Several 2014 New Mexico political campaigns enter their final day today, while those that win get to do it all over again and gear up for November’s general election. So it is on Primary election day—the polls are open until 7pm, and that’s when KSFR’s live coverage begins with segments at the top and bottom of the hours until 10:30pm.
Beginning June 16th, the Santa Fe Police Department will be led by Eric Garcia, who’s currently with the Espanola Police Department. Mayor Javier Gonzales announced Garcia’s appointment Monday. Garcia’s career includes 18-years with the New Mexico State Police. He succeeds Ray Rael, who retired as police chief earlier this year. Garcia will make a salary of 104-thousand dollars.
Protestors are being blamed for the cancellation of Monday’s Albuquerque city council meeting. Dozens pushed through the doors of the mayor’s office and organized a sit-in to express concerns about the Albuquerque Police Department. People could be seen holding up signs and there was also a heavy police presence. About a dozen of those protestors were loaded into a prisoner transport van and arrested.
New Mexico gets most of its electricity from coal-fired power plants, but state officials say that could change thanks to new federal guidelines aimed at reducing pollution. The Obama administration unveiled its proposal on Monday. It calls for curbing carbon dioxide emissions at power plants by nearly a third by 2030. Specific goals have been set for each state. The Rio Grande Chapter of the Sierra Club’s spokeswoman Camilla Feibelman says the action is big news for New Mexicans: *****060314-Feibelman-1 (q: burning fossil fuels) :36***** Meantime, New Mexico’s largest utility has announced plans for greater reliance on solar energy and says its plans for renewable energy will meet the new state standard. Public Service Company of New Mexico—or PNM— says it will raise its solar capacity to 107 megawatts in 2015. The utility says its new solar projects will create construction jobs for qualified New Mexicans and thousands of dollars of new tax revenue for the counties where they are located. PNM is evaluating multiple sites in the central part of the state. The utility is also providing 300-megawatts of wind-generated power.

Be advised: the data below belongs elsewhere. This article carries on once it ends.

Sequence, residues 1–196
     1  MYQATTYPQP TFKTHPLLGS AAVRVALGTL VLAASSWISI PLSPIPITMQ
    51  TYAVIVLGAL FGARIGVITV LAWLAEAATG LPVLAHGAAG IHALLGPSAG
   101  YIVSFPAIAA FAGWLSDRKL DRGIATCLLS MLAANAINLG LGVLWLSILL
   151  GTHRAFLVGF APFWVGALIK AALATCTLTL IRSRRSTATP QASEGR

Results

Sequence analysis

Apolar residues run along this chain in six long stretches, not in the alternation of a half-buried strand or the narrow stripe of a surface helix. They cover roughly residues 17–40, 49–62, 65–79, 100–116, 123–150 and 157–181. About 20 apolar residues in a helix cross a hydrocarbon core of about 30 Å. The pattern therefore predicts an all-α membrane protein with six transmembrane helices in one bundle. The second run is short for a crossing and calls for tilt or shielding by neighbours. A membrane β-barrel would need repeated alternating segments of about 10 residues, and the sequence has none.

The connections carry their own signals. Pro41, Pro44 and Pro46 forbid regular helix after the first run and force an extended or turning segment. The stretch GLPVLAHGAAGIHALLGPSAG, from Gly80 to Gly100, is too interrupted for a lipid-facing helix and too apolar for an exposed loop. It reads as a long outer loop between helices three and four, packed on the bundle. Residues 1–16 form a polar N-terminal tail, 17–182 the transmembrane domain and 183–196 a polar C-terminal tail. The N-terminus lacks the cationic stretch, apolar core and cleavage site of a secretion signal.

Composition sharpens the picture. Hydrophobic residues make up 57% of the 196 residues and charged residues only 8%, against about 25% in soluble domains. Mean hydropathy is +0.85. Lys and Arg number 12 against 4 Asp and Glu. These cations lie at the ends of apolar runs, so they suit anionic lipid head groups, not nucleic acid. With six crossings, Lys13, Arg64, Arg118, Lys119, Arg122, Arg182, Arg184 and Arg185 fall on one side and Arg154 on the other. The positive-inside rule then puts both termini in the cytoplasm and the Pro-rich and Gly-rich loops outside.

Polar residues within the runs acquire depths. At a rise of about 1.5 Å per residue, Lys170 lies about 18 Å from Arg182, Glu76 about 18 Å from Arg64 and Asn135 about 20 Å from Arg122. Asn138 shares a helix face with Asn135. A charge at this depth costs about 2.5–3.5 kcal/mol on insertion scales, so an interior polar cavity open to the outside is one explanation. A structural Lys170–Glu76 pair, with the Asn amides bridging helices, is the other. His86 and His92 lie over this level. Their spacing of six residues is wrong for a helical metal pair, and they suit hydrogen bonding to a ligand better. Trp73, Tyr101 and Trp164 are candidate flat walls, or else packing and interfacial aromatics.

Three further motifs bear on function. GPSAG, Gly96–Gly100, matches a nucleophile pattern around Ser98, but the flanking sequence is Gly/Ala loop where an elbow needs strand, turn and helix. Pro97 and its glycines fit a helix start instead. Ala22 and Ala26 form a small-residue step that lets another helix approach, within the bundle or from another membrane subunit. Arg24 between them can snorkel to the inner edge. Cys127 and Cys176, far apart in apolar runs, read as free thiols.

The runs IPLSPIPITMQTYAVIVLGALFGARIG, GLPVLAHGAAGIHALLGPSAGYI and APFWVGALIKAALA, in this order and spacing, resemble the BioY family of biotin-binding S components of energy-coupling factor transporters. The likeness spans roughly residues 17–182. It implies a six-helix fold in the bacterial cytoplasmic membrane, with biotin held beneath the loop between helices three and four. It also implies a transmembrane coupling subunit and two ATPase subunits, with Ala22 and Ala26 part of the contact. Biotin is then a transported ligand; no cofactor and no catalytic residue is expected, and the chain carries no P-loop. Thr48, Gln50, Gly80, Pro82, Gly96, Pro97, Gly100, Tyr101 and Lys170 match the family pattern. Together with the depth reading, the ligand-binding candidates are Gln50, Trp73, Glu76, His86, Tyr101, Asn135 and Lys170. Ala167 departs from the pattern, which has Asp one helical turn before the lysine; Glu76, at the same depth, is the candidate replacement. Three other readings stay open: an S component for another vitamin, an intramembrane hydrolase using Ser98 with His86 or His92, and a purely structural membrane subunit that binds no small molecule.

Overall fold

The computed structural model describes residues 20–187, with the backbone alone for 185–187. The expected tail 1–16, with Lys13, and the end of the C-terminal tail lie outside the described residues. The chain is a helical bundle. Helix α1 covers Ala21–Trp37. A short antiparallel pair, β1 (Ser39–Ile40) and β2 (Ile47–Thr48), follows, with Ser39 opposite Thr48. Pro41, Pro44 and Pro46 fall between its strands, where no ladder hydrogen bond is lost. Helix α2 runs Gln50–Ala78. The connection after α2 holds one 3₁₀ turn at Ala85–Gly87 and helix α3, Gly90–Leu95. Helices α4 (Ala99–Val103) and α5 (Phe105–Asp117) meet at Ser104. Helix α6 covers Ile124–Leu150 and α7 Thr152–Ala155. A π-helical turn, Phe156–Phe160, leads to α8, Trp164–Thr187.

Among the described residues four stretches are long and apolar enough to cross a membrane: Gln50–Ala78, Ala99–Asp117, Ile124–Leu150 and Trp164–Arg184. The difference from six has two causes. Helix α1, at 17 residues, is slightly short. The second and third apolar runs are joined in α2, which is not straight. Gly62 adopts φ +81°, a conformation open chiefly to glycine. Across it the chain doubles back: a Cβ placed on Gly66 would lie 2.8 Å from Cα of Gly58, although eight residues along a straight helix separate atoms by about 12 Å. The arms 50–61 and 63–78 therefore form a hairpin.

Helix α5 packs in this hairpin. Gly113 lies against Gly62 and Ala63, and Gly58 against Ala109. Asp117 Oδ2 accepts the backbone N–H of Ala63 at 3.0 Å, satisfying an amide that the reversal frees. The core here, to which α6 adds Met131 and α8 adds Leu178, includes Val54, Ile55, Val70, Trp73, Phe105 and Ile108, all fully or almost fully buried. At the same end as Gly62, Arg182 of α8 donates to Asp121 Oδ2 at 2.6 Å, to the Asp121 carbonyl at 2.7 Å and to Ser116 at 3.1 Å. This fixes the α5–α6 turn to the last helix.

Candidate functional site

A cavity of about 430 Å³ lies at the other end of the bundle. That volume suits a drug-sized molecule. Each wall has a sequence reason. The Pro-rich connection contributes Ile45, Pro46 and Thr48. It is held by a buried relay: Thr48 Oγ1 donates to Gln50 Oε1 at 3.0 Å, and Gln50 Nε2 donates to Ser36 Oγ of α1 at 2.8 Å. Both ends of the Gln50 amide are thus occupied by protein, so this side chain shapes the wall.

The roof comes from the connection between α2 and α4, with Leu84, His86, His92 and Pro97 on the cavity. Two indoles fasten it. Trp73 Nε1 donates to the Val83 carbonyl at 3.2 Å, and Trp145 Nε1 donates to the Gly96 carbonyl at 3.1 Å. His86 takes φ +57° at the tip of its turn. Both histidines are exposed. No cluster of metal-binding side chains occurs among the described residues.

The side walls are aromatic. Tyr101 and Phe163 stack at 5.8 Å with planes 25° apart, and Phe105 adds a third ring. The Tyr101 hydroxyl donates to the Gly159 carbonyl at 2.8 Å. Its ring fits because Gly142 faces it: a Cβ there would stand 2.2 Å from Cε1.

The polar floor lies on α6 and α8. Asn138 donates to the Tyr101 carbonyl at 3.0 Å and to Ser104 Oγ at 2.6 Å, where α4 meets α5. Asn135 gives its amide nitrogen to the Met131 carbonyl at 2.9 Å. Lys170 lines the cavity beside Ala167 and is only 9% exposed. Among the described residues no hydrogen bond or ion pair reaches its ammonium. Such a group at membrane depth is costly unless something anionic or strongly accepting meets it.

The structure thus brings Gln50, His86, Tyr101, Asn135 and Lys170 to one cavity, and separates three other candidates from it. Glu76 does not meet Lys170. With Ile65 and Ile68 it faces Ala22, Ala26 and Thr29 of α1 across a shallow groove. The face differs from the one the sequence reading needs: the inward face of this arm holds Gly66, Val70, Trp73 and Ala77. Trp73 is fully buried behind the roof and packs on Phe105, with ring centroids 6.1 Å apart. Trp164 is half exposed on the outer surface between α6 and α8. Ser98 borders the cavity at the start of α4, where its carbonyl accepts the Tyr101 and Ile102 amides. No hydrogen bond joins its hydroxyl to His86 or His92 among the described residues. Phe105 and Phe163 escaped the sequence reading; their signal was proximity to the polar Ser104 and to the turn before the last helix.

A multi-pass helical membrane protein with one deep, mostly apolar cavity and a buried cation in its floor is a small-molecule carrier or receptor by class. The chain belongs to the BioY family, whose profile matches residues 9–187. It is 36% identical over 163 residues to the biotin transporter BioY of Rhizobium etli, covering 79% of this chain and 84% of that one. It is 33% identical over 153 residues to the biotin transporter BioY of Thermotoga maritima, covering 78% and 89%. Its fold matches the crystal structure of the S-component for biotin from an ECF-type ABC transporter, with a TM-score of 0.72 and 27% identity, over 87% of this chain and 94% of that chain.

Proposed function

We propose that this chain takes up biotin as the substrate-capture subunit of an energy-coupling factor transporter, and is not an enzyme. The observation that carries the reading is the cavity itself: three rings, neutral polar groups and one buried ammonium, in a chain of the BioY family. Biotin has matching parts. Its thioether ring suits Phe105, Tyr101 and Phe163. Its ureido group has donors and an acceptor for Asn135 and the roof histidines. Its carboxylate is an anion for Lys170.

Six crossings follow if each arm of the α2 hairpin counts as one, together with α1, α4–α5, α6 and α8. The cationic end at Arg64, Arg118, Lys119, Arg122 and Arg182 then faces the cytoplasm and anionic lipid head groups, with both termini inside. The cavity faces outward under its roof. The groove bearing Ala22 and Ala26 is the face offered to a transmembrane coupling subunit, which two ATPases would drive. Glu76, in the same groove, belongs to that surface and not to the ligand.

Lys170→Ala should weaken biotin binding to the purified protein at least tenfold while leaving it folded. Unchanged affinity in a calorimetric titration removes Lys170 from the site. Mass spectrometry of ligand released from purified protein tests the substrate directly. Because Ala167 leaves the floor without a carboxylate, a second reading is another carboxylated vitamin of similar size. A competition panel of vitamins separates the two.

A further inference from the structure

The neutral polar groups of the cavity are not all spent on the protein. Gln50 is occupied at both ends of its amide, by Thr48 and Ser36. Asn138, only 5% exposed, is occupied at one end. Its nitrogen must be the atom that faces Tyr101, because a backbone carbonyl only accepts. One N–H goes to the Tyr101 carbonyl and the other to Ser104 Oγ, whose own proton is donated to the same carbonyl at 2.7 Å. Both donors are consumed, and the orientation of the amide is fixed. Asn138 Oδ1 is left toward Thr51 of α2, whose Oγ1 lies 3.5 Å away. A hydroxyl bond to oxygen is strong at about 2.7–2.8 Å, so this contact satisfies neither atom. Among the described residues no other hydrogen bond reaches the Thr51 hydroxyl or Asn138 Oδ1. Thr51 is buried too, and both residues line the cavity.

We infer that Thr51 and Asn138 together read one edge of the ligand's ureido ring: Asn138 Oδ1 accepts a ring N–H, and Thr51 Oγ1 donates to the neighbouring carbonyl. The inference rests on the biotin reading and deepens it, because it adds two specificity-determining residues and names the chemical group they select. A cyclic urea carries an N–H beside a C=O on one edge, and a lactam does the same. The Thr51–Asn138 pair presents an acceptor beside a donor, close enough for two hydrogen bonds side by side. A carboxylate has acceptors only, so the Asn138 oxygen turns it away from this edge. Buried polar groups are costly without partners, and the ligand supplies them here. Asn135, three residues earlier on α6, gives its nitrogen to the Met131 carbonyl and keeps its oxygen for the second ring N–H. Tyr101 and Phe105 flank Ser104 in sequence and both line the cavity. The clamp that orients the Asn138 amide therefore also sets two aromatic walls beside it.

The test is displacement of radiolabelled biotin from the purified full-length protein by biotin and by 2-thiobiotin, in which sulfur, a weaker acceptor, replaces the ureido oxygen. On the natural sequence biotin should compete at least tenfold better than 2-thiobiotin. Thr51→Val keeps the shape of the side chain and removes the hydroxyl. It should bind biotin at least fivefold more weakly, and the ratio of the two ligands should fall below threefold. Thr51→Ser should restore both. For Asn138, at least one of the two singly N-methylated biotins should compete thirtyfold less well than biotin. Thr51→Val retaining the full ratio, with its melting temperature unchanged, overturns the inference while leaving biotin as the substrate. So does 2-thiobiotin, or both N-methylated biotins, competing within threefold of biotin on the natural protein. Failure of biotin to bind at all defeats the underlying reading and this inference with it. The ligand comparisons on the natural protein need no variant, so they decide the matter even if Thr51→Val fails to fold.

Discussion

Chevron Mining Inc. has announced its closing its molybdenum mine in northern New Mexico due to low demand. The California-based company said Monday around 300 miners in Questa were given a 60-day notice of their layoffs as required by federal law. A Chevron spokeswoman says decision was "made after an intensive review of the economic viability of the mine." She says the price of the steel hardening element isn't covering the operation of the mine. The Questa mine has a history of boom and bust.
For some people, money isn't everything. Take Tim Dodge for example—KSFR's Dave Marash explains.
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Santa Fe Weather: Sunny and breezy today, with a high near 89. Tonight: Mostly clear and breezy, with a low around 58. Tomorrow: Sunny, with a high near 90.